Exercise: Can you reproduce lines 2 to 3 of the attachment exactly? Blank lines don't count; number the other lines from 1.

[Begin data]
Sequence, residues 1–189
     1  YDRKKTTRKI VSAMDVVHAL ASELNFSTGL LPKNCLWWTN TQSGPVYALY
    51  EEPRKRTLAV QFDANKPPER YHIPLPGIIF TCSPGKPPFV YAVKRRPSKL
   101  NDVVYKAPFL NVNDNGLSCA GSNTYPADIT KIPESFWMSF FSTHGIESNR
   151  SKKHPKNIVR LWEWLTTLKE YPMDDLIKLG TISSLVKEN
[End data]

     1  YDRKKTTRKI VSAMDVVHAL ASELNFSTGL LPKNCLWWTN TQSGPVYALY
    51  EEPRKRTLAV QFDANKPPER YHIPLPGIIF TCSPGKPPFV YAVKRRPSKL